Mostly played in the taverns of port cities or aboard sea going vessels, Galleon is the favored dice game of sailors. The game is most often played for drinks or small wagers.
5 six-sided dice are used in this game. Each player takes a turn throwing the dice. Each turn a player has three throws of the dice, and tries to roll and put to one side a 6 (the galleon), a 5 (the captain), and 4 (the mate). The 6, 5, and 4 may not be rolled out of order so if the first throw contains a 6 and 4, but not a 5, only the 6 is put aside and the rest of the dice, including the 4, are rolled again. If a player fails to throw the 6, 5, and 4 after their three throws they score nothing.
If after three throws a player has put aside the galleon, captain and mate, the remaining two dice (the crew) are totaled to form the player's score. If all three in the sequence are rolled before the third and final throw, then the remaining two dice (the crew) are rolled in the remaining turn(s) to improve the total of the player's score, with the highest crew total becoming the player's score.
The player with the highest crew total wins. In the case of an equally high total, all players must play the round again.
This game requires 5 six-sided dice (5d6). This game is based on a dice game known as Ship, Captain, Mate, and Crew, also known as Battleship, Mariner, Destroyer, and sometimes just Ship.
For those who missed the original article, we discussed the various superstitions folks here at Wizards of the Coast harbor about rolling their dice--and, of course, asked for your superstitions and stories as well! This time we share a few more stories, of punishing those misbehaving dice:
I have a friend who had a d20 that rolled very low numbers one session. At the end, he turned on the microwave with that dice inside. That's not all: he placed the rest of his dice in front to the microwave to let them see what happens to traitors!
I have one dice that has been with me for the past twenty-four years from the D&D Basic Rules (red cover) boxed set. Crafted in majestic light blue, with the numbers filled in with white crayon, this d20 has been my 'go to' dice for most of my important do-or-die rolls through four versions of the game. When a critical die roll would come up, I would reach into the small bag inside of my regular dice bag and pull out the d20 for that important roll. Well, that was until it utterly failed my by rolling a 1 on a save that resulting in a long-running character biting the dust. Chalking that up to the randomness of dice, I attempted to use it with my next character, but that too resulted in death. As punishment for its performance, I took the venerable dice and tossed it in the back of my freezer, where it stayed for over a year before returning to my dice bag. Since then, it has not failed.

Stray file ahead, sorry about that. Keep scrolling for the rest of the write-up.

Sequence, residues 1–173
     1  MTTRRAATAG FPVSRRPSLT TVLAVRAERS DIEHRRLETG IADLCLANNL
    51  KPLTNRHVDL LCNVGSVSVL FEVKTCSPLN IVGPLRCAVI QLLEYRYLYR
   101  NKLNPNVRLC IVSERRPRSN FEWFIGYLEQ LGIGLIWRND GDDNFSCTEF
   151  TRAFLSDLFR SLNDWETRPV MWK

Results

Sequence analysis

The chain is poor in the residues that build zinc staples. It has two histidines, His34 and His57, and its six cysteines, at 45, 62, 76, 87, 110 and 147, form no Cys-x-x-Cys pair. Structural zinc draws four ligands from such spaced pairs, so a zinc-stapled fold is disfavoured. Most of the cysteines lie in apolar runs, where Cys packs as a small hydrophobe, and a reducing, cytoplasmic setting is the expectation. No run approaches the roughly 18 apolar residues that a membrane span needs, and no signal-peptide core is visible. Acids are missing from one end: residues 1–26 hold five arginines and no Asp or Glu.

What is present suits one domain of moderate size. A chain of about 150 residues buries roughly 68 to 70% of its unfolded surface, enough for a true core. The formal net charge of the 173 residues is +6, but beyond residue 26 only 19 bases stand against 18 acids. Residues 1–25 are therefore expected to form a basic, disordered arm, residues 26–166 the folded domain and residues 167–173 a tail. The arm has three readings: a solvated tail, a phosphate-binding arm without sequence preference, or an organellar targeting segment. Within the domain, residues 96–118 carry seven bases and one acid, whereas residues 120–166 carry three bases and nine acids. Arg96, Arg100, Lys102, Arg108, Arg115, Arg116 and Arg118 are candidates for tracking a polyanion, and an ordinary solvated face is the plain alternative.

One player would always make everyone blow on the dice before he had to roll the big rolls that include boss fights, key saves, and the like. Strangely, his ritual seemed to get consistent 15s.
Another player would begin to roll the dice, pause and say, "Dice, if you fail, I'm going to melt you down and turn you into a plastic spoon. Then I'll eat dinner with you and throw you away..." The dice didn't seem to care, and he rolled poorly. Eventually he failed.
My brother and favorite player in the group always had a ritualism thing. When he was about to roll, he would throw the dice, then stand up and thrust his arms into the air. It never did anything interesting, but it was funny to see him jump up every 2 or 3 minutes.
If you use a dice game in your own campaigns, here's your chance to share it. Send it in to: firstname.lastname@example.org, and we may feature it in a future edition of Dice Games!
About the Author
Mark A. Jindra has been a fan of Dungeons & Dragons for over 25 years. In 1998 he landed his dream job as a web developer for Wizards of the Coast and is currently the developer of the D&D website.
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